As Lexus' long-term digital partner, Amaze used a combination of live-action footage and CGI to allow viewers to watch and control their viewing experience. Users can do everything from selecting the exterior colour design to understanding more about the controls, precise handling and engineering behind the new car.
In order for the Amaze team to create a seamless blend between the real and virtual, they filmed the car driving through different landscapes and teamed up with high-end Munich-based 3D visualisations studio RTT to scan and take 360 degree imagery of the environment at key points. Built in HTML5, the experience works across all devices, and features as the content of an app to promote and sell the new model.
"We wanted to create a movie that was beautiful and remarkably sophisticated - something that would be true to the IS and Lexus brand. Our aim was to explain the car’s attributes and allow an ultra-high-quality experience to bring the emotion of the drive directly to the viewer through full screen, movie footage."
08. Life in my Shoes
Life In My Shoes is a powerful multi-platform campaign aimed at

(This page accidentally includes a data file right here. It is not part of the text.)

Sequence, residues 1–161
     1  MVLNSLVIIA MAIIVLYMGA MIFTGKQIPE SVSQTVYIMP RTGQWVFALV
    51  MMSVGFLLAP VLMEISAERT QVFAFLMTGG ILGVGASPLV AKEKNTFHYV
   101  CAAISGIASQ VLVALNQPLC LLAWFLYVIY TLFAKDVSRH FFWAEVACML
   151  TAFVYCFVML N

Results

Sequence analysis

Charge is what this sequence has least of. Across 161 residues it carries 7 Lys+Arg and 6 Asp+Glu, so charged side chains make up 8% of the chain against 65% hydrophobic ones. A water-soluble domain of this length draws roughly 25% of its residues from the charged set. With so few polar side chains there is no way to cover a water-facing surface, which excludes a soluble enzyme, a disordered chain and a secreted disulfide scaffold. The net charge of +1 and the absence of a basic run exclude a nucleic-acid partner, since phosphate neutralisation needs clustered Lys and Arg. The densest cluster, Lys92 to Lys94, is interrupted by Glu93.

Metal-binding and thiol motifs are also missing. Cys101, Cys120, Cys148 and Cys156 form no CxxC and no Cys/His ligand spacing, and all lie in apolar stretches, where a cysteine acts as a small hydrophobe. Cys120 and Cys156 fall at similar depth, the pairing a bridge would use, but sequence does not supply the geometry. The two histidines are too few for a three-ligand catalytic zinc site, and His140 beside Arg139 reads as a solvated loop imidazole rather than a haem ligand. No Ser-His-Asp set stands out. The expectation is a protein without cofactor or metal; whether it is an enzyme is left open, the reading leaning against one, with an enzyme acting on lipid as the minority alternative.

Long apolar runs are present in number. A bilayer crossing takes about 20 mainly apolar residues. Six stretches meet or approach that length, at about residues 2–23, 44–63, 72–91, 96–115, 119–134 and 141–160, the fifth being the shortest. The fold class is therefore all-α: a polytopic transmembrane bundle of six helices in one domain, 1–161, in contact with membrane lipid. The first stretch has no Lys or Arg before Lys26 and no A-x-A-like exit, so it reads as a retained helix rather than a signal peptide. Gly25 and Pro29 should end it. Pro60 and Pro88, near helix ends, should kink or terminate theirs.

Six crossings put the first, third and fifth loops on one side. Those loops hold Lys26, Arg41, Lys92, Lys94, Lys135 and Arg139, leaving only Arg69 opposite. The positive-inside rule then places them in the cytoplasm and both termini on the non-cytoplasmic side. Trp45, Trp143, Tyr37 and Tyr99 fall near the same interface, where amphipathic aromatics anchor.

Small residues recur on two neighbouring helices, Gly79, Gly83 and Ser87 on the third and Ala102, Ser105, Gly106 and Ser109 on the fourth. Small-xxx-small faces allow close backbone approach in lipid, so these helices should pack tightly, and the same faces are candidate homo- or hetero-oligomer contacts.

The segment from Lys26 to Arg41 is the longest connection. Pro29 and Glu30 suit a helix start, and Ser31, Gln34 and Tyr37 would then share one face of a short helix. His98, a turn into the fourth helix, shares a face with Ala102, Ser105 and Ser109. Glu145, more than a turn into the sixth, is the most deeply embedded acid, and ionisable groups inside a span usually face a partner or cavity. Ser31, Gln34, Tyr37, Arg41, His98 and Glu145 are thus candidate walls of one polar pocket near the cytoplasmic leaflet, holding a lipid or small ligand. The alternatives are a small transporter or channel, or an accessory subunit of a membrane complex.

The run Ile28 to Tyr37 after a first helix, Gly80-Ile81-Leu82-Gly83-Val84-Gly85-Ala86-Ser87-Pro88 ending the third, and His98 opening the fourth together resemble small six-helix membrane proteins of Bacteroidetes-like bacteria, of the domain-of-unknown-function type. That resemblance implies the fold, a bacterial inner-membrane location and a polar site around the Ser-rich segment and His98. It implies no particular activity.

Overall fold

young people that challenges the fear and misunderstanding that surrounds HIV. London-based digital agency Traffic was briefed with developing a website that would appeal to a youth audience.
The brand font, Houshka Rounded Medium, was implemented using font-face to give the website a fresh look and feel. Decorative images and dramatic yellow accents throughout provide an alluring aesthetic.
The “About Us” page features a lively parallax effect that was adjusted for tablets and smartphones. “We wrote a media query for these devices that changes the background-attachment from fixed to scroll and sets the individual background-positions so that the images sit in the right place,” explain the Traffic team.
09. The Beast
Folk singer Laura Marling's album, A Creature I Don't Know, was given an accompanying website made by London agency Studio Juice with illustrations by Shynola. It's a site that self-scrolls as a poem is read out, while vivid illustrations and animations with parallax perspectives are revealed.